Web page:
06-12-2009, 12:38 PM
Join Date: Jul 2006
Location: Metro New York
Here it is, Licia:
Caramelized Fig Tart with Raspberries
makes six individual tarts or one 10-inch tart
one recipe Sweet Pastry
1/3 cup seedless raspberry purée or conserves, thinned with 1 tablespoon Balsamic vinegar or Raspberry liqueur
18 - 24 fresh figs, depending on their size -- I prefer the Black Mission figs, but the green ones are also delicious (Allow 4 whole figs per serving for each tart.)
1 pint fresh raspberries
2 tablespoons balsamic vinegar
1. Preheat oven to 350 degrees F. Line the tart shells with pie weights and bake completely. Cool.
2. Rinse and dry fresh figs, and cut each one in half, lengthwise. Spread a thin layer of the raspberry purée on each shell, then arrange in a single layer atop the raspberry purée, cut sides up. The fig halves should fill the tart shell without crowding. Sprinkle lightly with balsamic vinegar and powder thickly with sifted confectioners' sugar.
3. Preheat broiler on highest setting. Place tart(s) on a rack about 2 inches below the flame of the preheated broiler for about 5 minutes, or just until the sugar has caramelized. DON'T BURN!!! Chill. Serve scattered with fresh raspberries and clouds of sweetened whipped cream.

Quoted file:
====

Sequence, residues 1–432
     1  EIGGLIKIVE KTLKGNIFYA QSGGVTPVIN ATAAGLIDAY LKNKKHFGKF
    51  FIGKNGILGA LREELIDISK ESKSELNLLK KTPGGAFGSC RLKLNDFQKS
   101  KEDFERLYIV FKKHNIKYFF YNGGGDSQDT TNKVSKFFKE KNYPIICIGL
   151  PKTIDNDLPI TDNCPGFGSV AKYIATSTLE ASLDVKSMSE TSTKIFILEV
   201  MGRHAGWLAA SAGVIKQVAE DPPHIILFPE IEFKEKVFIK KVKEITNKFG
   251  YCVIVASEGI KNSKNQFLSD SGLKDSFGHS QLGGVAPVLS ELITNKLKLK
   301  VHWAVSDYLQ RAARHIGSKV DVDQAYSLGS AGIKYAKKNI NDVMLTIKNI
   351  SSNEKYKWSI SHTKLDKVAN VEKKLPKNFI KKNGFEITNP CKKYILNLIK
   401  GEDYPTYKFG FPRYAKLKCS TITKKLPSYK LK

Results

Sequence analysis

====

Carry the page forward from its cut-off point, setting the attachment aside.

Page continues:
Teacher’s Tips: 1. Only fresh figs will work for this recipe.
2. The number of figs you’ll need will vary with their size, and whether you’re making one large or several smaller tarts.
2.When figs are ripe, they’re very delicate, so wash and dry them with care. Remove the stems before cutting them in half lengthwise.
Fresh figs are among Provence’s most delicious summer treasures. So prolific are the trees that their sweet, succulent fruit is available to be shipped to markets throughout France. Southern California’s climate is also compatible with figs, so from June through September you can find fresh figs in gourmet markets here in the USA, as well as in Italian, Greek or Middle Eastern neighborhoods.
Wine is the food that completes the meal.